NBC10, Monique Braxton
Four days before the labor contract between Philadelphia's public school teachers and the district expires, the head of the teacher's union says his group is ready to make concessions. NBC10's Monique Braxton has the story.
The contract covering 15,000 Philadelphia public school teachers has expired without a new agreement being reached.
Negotiations between the state-run School District of Philadelphia and the Philadelphia Federation of Teachers are still continuing after the expiration of the old collective bargaining agreement at midnight.
The state's largest district is trying to achieve more than $100 million in concessions from the union as it works to close a $304 million deficit. That deficit resulted in nearly 4,000 layoffs of teachers, administrators, secretaries and counselors and the ending of arts programs and extra curriculars. The teachers have blamed big cuts in state aid for much of the district's financial problems.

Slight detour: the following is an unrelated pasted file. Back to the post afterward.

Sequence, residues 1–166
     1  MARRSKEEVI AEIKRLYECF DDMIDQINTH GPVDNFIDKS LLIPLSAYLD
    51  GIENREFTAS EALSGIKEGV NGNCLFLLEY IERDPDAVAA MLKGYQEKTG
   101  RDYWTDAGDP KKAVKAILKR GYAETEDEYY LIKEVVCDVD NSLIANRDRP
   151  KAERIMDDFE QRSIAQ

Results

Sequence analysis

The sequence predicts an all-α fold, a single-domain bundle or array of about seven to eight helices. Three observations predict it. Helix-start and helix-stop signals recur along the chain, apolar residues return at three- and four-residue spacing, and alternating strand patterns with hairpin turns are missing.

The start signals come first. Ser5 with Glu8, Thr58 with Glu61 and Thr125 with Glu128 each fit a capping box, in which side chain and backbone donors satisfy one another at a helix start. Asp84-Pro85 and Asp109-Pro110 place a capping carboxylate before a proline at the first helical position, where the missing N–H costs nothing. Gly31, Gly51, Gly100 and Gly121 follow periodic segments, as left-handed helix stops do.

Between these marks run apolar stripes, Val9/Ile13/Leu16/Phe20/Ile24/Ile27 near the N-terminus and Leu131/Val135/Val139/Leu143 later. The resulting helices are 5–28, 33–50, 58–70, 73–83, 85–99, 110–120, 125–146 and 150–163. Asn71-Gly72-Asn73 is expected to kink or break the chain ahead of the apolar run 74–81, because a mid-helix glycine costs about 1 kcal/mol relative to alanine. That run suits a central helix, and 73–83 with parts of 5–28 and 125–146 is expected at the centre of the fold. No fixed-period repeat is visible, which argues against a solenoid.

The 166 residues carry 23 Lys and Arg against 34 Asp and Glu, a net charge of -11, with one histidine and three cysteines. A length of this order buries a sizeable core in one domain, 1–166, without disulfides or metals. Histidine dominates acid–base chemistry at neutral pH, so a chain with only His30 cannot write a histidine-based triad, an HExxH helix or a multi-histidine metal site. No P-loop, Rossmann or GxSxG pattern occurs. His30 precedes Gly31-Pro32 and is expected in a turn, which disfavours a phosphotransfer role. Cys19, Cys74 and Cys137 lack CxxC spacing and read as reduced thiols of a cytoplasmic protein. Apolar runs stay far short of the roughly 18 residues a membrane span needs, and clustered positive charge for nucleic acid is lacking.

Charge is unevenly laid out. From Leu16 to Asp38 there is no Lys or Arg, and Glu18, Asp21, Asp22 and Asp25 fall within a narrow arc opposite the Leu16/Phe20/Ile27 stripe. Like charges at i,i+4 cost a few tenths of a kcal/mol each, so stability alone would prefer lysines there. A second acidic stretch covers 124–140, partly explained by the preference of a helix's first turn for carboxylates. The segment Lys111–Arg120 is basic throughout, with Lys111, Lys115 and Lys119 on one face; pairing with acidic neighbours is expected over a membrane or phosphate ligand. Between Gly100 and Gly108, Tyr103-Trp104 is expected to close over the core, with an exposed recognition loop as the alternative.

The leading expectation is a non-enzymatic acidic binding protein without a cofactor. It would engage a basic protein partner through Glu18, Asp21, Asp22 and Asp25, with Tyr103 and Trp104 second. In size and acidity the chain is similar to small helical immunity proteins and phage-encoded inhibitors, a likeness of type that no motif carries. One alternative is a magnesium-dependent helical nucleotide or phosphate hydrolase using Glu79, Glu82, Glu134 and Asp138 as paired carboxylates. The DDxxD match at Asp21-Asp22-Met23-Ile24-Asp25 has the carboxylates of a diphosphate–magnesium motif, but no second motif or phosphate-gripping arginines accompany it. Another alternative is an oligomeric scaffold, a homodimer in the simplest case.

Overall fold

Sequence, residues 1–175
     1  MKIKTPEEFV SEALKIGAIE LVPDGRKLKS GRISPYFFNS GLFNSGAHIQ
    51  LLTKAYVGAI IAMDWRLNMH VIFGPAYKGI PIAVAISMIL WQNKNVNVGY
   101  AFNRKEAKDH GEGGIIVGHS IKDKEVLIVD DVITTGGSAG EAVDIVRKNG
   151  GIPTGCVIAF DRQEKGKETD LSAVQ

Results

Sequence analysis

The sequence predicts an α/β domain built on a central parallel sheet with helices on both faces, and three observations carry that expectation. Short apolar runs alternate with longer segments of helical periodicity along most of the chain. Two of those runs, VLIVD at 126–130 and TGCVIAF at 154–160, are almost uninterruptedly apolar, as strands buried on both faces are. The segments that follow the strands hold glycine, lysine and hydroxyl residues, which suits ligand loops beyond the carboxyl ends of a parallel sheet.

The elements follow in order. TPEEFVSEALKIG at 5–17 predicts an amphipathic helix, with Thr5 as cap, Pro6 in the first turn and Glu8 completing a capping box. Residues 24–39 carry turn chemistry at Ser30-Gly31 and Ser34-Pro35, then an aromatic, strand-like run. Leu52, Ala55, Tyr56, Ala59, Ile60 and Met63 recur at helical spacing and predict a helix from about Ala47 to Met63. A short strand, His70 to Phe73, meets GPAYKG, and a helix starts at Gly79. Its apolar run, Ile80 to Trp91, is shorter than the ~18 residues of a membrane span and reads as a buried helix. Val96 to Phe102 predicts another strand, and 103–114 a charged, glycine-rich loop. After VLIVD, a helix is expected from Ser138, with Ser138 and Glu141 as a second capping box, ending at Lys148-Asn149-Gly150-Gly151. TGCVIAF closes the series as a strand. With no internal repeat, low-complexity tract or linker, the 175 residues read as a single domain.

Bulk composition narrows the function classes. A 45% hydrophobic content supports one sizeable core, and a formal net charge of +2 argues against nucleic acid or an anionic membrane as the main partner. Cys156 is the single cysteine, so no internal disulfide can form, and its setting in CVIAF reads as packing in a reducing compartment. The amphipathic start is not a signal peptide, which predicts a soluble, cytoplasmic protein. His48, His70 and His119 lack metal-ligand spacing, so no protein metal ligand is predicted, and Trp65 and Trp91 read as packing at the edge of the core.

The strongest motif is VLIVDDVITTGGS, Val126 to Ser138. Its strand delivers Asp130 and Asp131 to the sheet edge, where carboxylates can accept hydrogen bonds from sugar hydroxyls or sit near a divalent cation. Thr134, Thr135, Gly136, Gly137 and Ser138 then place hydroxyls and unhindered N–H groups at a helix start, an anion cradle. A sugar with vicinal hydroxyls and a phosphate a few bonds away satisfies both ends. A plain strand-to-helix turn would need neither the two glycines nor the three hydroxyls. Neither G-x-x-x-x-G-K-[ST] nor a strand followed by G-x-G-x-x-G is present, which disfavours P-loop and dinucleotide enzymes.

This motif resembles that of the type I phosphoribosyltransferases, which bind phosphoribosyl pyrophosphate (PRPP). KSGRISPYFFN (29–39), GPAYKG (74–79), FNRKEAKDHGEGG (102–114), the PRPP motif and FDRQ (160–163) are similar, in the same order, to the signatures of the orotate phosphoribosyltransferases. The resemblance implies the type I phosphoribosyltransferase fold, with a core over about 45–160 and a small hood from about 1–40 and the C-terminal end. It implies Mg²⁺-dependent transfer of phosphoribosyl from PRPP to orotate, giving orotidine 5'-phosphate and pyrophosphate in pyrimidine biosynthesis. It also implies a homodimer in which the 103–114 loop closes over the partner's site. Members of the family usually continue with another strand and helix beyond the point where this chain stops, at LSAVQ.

Fifty-million in emergency funding has been promised to the district which resulted in the rehiring of 1,000 staff members.
Classes for the city's 190,000 traditional and charter school students are scheduled to begin on Sept. 9.
Both sides released statements early Sunday saying they were continuing to work toward a new deal.
Last week, Philadelphia Federation of Teachers President Jerry Jordan said that his group is ready to make concessions, but would not specify exactly what those concessions are.
"What we are proposing is not a long-term solution, just trying to piece together a way to open schools safely," Jordan said.